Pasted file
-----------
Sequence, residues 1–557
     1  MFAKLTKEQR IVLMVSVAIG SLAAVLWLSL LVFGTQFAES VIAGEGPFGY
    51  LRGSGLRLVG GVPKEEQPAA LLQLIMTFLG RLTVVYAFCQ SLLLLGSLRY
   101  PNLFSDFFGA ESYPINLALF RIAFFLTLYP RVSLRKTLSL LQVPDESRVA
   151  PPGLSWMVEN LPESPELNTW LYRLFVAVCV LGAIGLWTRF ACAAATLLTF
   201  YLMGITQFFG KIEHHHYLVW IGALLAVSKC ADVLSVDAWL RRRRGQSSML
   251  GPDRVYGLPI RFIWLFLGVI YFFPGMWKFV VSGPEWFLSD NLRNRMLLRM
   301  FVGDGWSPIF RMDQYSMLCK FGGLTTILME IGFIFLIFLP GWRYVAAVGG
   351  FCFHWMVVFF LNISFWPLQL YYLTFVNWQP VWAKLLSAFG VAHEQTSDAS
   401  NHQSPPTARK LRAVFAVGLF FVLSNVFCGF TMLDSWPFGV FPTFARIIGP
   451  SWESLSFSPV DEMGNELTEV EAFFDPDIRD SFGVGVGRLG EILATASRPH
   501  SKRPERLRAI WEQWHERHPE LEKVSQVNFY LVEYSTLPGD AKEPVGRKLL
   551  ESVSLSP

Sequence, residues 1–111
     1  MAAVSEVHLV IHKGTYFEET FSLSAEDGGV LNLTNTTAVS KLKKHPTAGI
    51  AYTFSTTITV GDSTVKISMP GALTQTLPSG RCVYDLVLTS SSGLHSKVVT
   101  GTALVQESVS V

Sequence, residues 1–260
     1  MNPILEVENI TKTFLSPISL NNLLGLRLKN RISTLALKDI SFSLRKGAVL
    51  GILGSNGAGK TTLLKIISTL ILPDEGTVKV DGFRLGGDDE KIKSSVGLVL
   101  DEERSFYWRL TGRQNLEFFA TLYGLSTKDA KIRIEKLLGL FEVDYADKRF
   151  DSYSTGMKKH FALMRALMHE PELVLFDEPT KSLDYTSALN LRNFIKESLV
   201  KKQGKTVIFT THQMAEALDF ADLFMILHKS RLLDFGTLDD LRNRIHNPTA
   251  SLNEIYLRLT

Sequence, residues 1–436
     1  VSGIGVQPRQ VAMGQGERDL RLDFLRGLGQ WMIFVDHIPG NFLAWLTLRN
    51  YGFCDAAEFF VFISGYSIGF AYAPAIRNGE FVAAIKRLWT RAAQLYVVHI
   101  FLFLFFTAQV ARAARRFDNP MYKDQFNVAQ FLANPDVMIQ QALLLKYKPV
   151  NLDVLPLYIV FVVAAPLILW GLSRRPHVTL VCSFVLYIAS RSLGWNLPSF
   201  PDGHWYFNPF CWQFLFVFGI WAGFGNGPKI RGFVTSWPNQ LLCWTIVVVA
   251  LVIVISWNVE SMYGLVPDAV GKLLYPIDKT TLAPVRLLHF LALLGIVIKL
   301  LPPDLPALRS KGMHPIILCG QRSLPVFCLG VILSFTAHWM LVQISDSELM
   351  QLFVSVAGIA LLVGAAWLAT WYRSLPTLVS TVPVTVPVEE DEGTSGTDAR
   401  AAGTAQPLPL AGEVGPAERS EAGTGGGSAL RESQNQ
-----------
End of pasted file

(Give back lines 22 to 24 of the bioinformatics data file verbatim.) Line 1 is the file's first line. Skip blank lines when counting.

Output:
   151  DSYSTGMKKH FALMRALMHE PELVLFDEPT KSLDYTSALN LRNFIKESLV
   201  KKQGKTVIFT THQMAEALDF ADLFMILHKS RLLDFGTLDD LRNRIHNPTA
   251  SLNEIYLRLT